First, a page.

The Disclosure Process | Types of Disclosure

Since my husband recently wrote an article on Full Disclosure on his blog, I thought I would post an excerpt from my book, Ashes to Beauty (The Book), for the women to read.


The Disclosure Process

Disclosure is the act or process of you or your partner revealing or uncovering a hidden truth. It is the point in time when either you or your partner finally admits their sexual addiction or intimacy anorexia or even when you mistakenly find out about your partner’s sexually addictive behaviors.

If your situation is similar to mine, your partner’s sexually addictive behaviors have already been disclosed. You are probably reading this article after disclosure has taken place. However, if your partner has not yet been honest with you about their sexual addiction or intimacy anorexia, or possibly do not yet realize it themselves, this article may be extremely beneficial to you.

Also, at this point in your recovery process, you may not believe you will regain complete trust with your partner again. However, as one who has walked a similar road, I want to encourage you and let you know there is hope, and you can rebuild and regain trust in your relationship again.

In the following paragraphs, we will discuss different types of disclosure.

1.      The Polygraph

Many of you were fortunate enough to receive a recommendation from a friend or contact a counseling office that offered polygraphs to assist with the disclosure process. If your partner has not yet disclosed any sexually addictive behaviors, and your intuition is telling you otherwise, I highly recommend the use of a polygraph.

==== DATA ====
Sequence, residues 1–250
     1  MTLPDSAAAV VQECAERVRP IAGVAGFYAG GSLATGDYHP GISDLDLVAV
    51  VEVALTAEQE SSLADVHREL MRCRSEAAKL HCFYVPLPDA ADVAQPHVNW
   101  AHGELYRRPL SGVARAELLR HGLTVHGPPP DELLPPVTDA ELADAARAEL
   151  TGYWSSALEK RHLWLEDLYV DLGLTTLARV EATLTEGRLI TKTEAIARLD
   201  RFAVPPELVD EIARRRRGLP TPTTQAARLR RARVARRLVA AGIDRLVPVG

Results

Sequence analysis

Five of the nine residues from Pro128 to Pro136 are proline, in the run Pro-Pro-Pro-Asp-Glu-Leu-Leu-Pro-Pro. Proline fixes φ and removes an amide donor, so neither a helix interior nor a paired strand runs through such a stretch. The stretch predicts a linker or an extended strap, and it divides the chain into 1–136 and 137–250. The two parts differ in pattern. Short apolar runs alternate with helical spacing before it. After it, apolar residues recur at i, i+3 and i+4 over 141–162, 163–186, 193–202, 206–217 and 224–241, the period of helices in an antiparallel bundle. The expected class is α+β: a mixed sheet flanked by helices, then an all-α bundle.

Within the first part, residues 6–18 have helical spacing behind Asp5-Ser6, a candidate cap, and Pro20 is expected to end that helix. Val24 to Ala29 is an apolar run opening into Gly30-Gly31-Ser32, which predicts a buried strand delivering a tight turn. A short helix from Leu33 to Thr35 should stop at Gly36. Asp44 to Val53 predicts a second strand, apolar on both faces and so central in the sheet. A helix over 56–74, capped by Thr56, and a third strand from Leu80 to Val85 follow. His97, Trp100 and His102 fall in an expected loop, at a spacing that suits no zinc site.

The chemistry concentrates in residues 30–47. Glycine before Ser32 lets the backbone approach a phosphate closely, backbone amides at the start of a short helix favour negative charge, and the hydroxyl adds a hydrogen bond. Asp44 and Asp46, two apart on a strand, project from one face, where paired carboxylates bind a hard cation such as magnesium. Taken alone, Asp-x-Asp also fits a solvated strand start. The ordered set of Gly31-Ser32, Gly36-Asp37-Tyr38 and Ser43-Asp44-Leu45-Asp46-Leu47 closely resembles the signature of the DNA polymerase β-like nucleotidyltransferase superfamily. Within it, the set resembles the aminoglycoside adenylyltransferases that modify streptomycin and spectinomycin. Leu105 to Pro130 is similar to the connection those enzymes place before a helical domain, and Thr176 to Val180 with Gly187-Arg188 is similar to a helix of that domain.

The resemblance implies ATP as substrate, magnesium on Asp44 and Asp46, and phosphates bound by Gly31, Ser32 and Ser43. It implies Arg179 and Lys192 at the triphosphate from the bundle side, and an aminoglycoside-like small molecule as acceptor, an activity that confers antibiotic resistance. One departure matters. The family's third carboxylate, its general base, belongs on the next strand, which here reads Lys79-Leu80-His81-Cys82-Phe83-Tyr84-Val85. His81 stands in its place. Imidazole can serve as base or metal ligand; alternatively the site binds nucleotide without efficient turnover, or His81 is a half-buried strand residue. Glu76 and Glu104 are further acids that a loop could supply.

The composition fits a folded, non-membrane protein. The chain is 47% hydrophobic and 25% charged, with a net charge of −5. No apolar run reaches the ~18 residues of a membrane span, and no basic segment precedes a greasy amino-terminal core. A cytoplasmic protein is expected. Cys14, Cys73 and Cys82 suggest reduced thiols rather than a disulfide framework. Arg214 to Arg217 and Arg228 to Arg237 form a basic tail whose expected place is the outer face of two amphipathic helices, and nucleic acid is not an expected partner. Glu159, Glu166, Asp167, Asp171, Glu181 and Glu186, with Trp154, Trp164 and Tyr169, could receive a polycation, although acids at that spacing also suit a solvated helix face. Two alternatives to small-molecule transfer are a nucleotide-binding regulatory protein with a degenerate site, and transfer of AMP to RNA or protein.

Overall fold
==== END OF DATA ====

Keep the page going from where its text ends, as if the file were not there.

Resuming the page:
The use of a polygraph eliminates any additional what‑if scenarios in your mind. It will put your mind at ease. As the partner, you can work with a certified sexual recovery therapist to phrase the questions in such a way that gives you peace, knowing the entire truth has been disclosed.

Unfortunately, sexual addicts can be great deceivers, so it is critical you understand the truth in its entirety regarding their sexually addictive behaviors.

Also, the polygraph is a great way to rebuild trust between partners. If you have been betrayed by a loved one, nothing is a greater tool than the use of a polygraph to ensure honesty in your relationship. In an effort to rebuild trust, it is recommended to utilize a polygraph after 3 months, 6 months and 9 months after recovery has begun to ensure partners are being completely honest with one another. As my husband says, “positive and consistent behavior over time equals restored trust.”Trust Equations

NOTE: Polygraph questions should be time-limited (since married or since this date), yes/no answers and cannot predict the future. If you would like more information on possible polygraph questions, please contact Transformed Hearts Counseling Center at (719) 590-1350.

In my personal situation, my partner experienced significant discomfort during his first polygraph. Suddenly, as he was hooked up to a polygraph machine and nerves began to explode throughout his body; he began to realize the depth and great sadness I felt as his wife. He became very solemn and heartbroken, as he returned from his polygraph. At that point in time, I believe he finally understood my need for knowing the truth and that no matter what the truth was we would have to deal with it together and move forward.

2.      A Traumatic Event